The Wall Opera Project is dear to my heart and inspires me because education is so important to me. Every student that comes to me should have the opportunity to realize their full potential. I may not be able to achieve that all the time but the inspiration my students give to me make me do all in my power to try and help them realize their full potential and career goals. Particularly in the case of students with learning differences I am inspired to find out the way they learn and adjust our teaching for them in a way that allows them to demonstrate their gifts. Frequently they are some of the most inspiring performers and despite often having had to navigate a system which did not or does accommodate how they learn, they deliver some of the most moving performances that I experience. That inspires me! I have to say my students inspire me! In my role as University Marshal I have met so many students from all faculties who have absolutely kept reinforcing for me how important education is and how important our universities are to our society. They too inspire me!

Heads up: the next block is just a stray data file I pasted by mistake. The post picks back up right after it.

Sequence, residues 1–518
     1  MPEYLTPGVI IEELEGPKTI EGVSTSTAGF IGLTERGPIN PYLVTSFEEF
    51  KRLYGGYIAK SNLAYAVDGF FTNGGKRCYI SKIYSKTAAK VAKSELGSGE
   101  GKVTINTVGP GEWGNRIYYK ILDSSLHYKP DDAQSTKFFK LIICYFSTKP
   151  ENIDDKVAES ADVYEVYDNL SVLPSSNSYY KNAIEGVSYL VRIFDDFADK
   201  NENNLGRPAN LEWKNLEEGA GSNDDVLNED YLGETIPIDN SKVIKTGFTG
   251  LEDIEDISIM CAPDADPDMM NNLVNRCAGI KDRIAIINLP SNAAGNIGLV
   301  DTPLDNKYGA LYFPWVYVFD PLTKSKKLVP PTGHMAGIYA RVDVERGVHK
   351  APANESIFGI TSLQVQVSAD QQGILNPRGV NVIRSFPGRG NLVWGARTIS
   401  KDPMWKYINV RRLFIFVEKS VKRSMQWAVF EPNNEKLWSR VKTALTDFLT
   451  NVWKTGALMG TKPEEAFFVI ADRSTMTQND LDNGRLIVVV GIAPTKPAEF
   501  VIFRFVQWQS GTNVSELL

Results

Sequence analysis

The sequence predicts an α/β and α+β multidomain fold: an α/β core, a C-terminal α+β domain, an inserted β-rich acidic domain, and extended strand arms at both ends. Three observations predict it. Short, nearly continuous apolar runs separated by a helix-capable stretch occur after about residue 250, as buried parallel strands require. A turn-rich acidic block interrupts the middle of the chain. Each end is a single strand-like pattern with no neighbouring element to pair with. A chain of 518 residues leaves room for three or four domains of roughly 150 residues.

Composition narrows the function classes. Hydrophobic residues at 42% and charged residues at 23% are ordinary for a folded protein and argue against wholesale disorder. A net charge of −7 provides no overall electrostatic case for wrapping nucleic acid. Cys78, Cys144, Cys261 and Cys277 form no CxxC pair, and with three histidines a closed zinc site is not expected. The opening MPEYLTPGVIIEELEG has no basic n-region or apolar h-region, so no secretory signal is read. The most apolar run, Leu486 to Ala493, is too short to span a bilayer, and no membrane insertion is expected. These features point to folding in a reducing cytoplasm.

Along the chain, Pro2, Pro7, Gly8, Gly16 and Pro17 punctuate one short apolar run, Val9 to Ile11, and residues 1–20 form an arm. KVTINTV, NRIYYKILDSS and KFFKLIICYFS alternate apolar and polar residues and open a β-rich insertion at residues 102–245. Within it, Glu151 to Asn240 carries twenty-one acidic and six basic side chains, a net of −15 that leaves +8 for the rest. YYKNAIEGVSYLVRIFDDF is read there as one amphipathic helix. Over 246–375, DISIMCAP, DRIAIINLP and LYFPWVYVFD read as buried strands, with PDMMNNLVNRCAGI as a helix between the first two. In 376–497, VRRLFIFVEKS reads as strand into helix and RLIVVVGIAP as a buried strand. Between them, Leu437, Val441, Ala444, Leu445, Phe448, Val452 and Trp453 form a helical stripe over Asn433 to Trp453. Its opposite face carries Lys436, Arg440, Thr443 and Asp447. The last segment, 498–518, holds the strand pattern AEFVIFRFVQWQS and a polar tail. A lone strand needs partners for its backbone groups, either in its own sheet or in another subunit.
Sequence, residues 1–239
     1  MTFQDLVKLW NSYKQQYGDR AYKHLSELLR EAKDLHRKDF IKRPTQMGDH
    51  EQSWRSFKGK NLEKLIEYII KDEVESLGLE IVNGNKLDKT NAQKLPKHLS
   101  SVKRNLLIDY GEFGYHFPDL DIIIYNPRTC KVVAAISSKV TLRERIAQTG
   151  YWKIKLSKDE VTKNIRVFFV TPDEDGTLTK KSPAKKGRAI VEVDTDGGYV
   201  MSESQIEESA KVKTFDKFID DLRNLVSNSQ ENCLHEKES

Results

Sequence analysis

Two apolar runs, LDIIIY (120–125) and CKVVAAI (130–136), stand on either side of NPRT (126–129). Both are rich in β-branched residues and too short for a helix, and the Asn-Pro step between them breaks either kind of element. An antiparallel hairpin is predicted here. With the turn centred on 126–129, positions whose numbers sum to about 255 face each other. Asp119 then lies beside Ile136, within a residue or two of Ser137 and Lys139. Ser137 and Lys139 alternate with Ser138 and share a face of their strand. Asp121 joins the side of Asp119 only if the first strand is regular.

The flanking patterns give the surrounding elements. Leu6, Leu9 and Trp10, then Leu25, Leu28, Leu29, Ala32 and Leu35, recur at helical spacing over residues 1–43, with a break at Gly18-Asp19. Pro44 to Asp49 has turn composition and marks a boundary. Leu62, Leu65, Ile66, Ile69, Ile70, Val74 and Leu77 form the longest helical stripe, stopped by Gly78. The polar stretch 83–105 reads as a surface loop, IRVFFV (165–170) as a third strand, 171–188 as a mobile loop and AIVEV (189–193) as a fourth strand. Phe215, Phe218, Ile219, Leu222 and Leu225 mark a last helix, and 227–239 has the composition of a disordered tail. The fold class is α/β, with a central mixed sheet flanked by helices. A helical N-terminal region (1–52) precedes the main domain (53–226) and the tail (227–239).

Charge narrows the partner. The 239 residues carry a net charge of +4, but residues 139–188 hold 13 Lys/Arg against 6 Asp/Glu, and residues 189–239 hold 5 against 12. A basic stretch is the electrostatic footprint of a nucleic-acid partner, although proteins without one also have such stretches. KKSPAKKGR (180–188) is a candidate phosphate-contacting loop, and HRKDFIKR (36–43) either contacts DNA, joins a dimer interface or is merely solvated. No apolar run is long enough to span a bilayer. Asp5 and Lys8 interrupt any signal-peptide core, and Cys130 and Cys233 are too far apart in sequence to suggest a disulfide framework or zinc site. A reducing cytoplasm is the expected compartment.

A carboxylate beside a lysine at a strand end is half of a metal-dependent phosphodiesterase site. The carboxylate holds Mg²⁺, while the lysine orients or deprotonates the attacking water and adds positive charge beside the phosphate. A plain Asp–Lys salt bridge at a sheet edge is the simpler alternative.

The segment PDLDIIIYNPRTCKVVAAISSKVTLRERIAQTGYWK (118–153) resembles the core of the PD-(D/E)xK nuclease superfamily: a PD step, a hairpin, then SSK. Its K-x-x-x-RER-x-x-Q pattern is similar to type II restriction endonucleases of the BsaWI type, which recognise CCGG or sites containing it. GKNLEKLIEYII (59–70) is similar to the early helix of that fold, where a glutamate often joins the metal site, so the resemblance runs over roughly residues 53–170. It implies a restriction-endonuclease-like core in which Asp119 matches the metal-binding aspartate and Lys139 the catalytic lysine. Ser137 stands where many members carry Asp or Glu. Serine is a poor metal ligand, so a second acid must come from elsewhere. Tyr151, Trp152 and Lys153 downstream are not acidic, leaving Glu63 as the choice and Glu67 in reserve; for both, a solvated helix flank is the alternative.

If you had to choose a different career path, what would you be interested in exploring?
I probably would not choose a different career because I have loved what I did as a performer and I love my teaching as a professor. BUT if I had to choose another career, it would be either a researcher in Education for students with learning differences, or Music Therapy because I think it is a field that is also so inspiring and will play an even bigger role in society in the future.
How do you like to spend your spare time?
I don’t have much, but I like traveling to different countries particularly with some good friends. We love to learn about the culture of the country, meet the people and of course go to the operas and other musical events. However, what I really like to do is go to what I call my ‘refuge,’ which is the home my Grandfather built in a little village of 700 people called Warkworth. It is beautiful, peaceful, the people are interesting, kind, accepting and just plain folks.